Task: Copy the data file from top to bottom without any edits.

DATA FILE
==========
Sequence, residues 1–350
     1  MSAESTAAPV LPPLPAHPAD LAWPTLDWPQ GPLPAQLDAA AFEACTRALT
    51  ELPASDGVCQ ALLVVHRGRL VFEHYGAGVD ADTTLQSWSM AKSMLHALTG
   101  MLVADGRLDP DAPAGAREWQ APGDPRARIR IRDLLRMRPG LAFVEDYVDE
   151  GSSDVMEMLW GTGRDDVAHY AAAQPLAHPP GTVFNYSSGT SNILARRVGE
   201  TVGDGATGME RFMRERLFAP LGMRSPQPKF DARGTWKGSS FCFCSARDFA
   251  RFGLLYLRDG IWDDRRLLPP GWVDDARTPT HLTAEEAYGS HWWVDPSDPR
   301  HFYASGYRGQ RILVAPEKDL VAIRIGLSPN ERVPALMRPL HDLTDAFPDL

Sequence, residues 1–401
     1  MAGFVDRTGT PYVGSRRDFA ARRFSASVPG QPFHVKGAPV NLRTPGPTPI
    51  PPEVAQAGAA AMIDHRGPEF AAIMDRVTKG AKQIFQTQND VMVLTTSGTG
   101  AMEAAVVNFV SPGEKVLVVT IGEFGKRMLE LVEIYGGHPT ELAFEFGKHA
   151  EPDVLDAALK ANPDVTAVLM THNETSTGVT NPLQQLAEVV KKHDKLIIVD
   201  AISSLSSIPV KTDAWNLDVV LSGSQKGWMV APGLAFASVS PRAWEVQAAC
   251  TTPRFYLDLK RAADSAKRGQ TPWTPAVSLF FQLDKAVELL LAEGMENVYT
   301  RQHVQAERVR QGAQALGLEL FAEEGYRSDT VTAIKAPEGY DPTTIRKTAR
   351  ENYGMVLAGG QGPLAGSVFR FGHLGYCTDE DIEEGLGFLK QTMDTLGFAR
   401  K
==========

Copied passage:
Sequence, residues 1–350
     1  MSAESTAAPV LPPLPAHPAD LAWPTLDWPQ GPLPAQLDAA AFEACTRALT
    51  ELPASDGVCQ ALLVVHRGRL VFEHYGAGVD ADTTLQSWSM AKSMLHALTG
   101  MLVADGRLDP DAPAGAREWQ APGDPRARIR IRDLLRMRPG LAFVEDYVDE
   151  GSSDVMEMLW GTGRDDVAHY AAAQPLAHPP GTVFNYSSGT SNILARRVGE
   201  TVGDGATGME RFMRERLFAP LGMRSPQPKF DARGTWKGSS FCFCSARDFA
   251  RFGLLYLRDG IWDDRRLLPP GWVDDARTPT HLTAEEAYGS HWWVDPSDPR
   301  HFYASGYRGQ RILVAPEKDL VAIRIGLSPN ERVPALMRPL HDLTDAFPDL

Sequence, residues 1–401
     1  MAGFVDRTGT PYVGSRRDFA ARRFSASVPG QPFHVKGAPV NLRTPGPTPI
    51  PPEVAQAGAA AMIDHRGPEF AAIMDRVTKG AKQIFQTQND VMVLTTSGTG
   101  AMEAAVVNFV SPGEKVLVVT IGEFGKRMLE LVEIYGGHPT ELAFEFGKHA
   151  EPDVLDAALK ANPDVTAVLM THNETSTGVT NPLQQLAEVV KKHDKLIIVD
   201  AISSLSSIPV KTDAWNLDVV LSGSQKGWMV APGLAFASVS PRAWEVQAAC
   251  TTPRFYLDLK RAADSAKRGQ TPWTPAVSLF FQLDKAVELL LAEGMENVYT
   301  RQHVQAERVR QGAQALGLEL FAEEGYRSDT VTAIKAPEGY DPTTIRKTAR
   351  ENYGMVLAGG QGPLAGSVFR FGHLGYCTDE DIEEGLGFLK QTMDTLGFAR
   401  K